Power Rangers is a reboot of the 90s children’s TV show Mighty Morphin’ Power Rangers (1993) that follows a group of teenage superheroes tasked with defending the Earth from the evil alien Rita Repulsa and her horde of minions. For the most part, Power Rangers pays homage to its origin, which can be nostalgic for viewers of the original show. At the same time, Power Rangers is a reboot which alters elements of the show to “keep up with the times,” giving the Power Rangers and their universe new personalities, backstories, and designs.
Given that it’s based on a children’s TV show, the story is very straightforward. Teenagers get super powers, villain appears, teenagers fight villain, teenagers defeat villain. Albeit some slight variations from the original, the narrative is predictable, causing hardly any tension during the entirety of the movie. As an adult, knowing that the Power Rangers are going to become strong enough to somehow defeat the villain drains the movie from any suspense.
Despite its predictability, Power Rangers is—for the most part —an entertaining watch. At least for an hour. The first half of the movie presents the main characters’ backstories, how they get their powers, and how they train to become stronger. Seeing them bond with each other as well as train together was more entertaining than I expected, making the story better despite its linearity.
However, the story does fall flat with Rita Repulsa’s arrival. All the action scenes after Rita’s appearance (including the Megazord battle) became increasingly forgettable, leading to an unsatisfying and generic finale.
I have mixed feelings about the cast. Even though all of the Rangers fulfill their roles adequately, they occasionally feel like a dumbed-down version of The Breakfast Club. The red ranger Jason Scott (Dacre Montgomery) is the jock. The blue ranger Billy Cranston (RJ Cyler) is the nerd. The pink ranger Kimberly Hart (Naomi Scott) is the princess. The yellow ranger Trini (Becky G) is the quiet basket case. The only one of these characters that does not directly derive from these character archetypes is Zack (Ludi Lin), which happens to be notably distinctive from the rest of them. That doesn’t mean, however, that his acting doesn’t end up falling flat whenever he tries to become more than a lovable clown.
Bryan Cranston is convincing in the role of Zordon and is able to deliver another layer to the character’s personality. (Which is sadly ruined by a forced interaction). Alpha 5 (Bill Hader) is okay, but the character is only redeemed from being a forgettable mascot by the nostalgia value from the original TV show. Elizabeth Banks plays a straightforward evil villain role for Rita Repulsa. The role is well-acted for the most part, but the movie’s storyline does nothing to elevate her from a generic antagonist.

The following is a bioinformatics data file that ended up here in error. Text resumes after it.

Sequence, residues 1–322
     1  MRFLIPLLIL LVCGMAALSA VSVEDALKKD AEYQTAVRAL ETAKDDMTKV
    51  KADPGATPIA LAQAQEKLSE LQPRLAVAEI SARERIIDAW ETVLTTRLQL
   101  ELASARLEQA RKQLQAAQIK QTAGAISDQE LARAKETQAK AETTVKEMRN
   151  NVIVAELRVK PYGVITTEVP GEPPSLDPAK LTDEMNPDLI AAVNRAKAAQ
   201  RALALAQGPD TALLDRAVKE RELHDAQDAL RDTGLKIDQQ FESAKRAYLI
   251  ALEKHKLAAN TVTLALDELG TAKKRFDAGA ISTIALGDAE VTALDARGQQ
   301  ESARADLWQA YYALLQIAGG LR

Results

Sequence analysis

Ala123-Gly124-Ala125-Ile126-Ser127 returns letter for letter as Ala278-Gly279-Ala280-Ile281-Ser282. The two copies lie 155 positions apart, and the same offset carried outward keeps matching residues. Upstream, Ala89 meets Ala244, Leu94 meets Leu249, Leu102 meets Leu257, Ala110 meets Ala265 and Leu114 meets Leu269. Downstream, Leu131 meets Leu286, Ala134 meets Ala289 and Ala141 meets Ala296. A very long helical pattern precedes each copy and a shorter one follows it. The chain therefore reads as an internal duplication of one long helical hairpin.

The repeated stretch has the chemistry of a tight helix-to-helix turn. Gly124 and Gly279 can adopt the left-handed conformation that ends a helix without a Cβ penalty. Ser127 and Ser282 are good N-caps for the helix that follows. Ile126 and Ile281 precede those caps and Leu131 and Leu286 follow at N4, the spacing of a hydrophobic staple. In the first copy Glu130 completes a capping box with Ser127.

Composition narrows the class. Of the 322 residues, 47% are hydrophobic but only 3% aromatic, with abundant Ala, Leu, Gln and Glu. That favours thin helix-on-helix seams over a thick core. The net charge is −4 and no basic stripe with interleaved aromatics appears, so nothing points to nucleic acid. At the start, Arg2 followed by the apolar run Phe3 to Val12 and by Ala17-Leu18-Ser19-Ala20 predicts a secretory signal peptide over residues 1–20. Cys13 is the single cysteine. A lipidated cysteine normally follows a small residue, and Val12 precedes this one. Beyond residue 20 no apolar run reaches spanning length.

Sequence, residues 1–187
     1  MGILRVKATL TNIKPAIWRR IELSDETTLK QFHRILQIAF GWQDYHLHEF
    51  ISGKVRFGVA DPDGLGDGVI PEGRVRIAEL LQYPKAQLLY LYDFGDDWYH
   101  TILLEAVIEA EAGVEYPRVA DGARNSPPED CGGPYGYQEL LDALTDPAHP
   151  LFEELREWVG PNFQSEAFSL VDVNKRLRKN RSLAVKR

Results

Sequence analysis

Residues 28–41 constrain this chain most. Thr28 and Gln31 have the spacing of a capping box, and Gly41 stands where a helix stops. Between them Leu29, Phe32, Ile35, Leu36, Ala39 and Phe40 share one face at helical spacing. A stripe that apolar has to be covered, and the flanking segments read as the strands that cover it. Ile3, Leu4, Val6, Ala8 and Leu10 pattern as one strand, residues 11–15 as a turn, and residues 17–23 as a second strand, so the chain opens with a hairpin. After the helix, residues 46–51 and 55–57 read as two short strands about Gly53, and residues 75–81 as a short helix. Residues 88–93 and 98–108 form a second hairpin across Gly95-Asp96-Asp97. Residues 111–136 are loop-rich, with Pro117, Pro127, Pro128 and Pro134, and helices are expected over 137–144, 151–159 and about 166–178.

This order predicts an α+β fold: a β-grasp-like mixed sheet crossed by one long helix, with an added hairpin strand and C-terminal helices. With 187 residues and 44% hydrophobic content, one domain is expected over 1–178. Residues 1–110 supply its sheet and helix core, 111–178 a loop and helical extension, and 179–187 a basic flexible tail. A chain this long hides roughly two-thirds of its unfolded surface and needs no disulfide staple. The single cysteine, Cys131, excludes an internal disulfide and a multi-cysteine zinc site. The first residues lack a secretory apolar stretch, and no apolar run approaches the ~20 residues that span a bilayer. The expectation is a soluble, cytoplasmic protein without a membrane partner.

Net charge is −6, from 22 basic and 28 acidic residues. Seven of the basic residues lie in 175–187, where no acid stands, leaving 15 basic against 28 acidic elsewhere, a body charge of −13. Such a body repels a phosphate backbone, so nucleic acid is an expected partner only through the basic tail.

My main gripe with the cast is that it reduces its healthy number of characters to three. Jason, Kimberly, and Billy are the only characters who receive any proper attention. While Jason’s character is overexposed, others like Trini and Zack are underdeveloped. Kimberly’s exposition feels like its only purpose is to serve as a suitable love interest for Jason. Zack and Trini are devastatingly unknown to us, each having at most 90 seconds of exposition. Rita Repulsa ends up being evil for the sake of being evil and Zordon and Alpha 5 are no more than guides in the Rangers’ adventure. I’d say only Billy receives appropriate character development, mostly because he’s the only character offered enough screen time to achieve this.
Most of the film is plagued with unnecessary shaky cam segments that, rather than complement the action or the story, ultimately make the film harder to follow. The visual design of the movie borders on edgy and boring, reminiscent of subpar movie adaptations like Dragonball Evolution (2009) and The Last Airbender (2010). And while the movie’s score is appropriate for the most, the soundtrack often sounds misplaced.
While entertaining, Power Rangers feels more like a nostalgia trip. The film itself isn’t that good, but— nostalgia aside—the source material isn’t that great to begin with. Most of the flaws regarding storyline, predictability and character development, stem from the original show, making the movie’s faithfulness one of its flaws. Nonetheless, these weaknesses will probably not bother fans of the show looking for another adventure in Angel Grove as the movie undoubtedly belongs to the series. And again, it is enjoyable for the most part. Now, if you didn’t watch the show or weren’t a fan of it, there’s nothing for you here.
Should you watch this movie? No.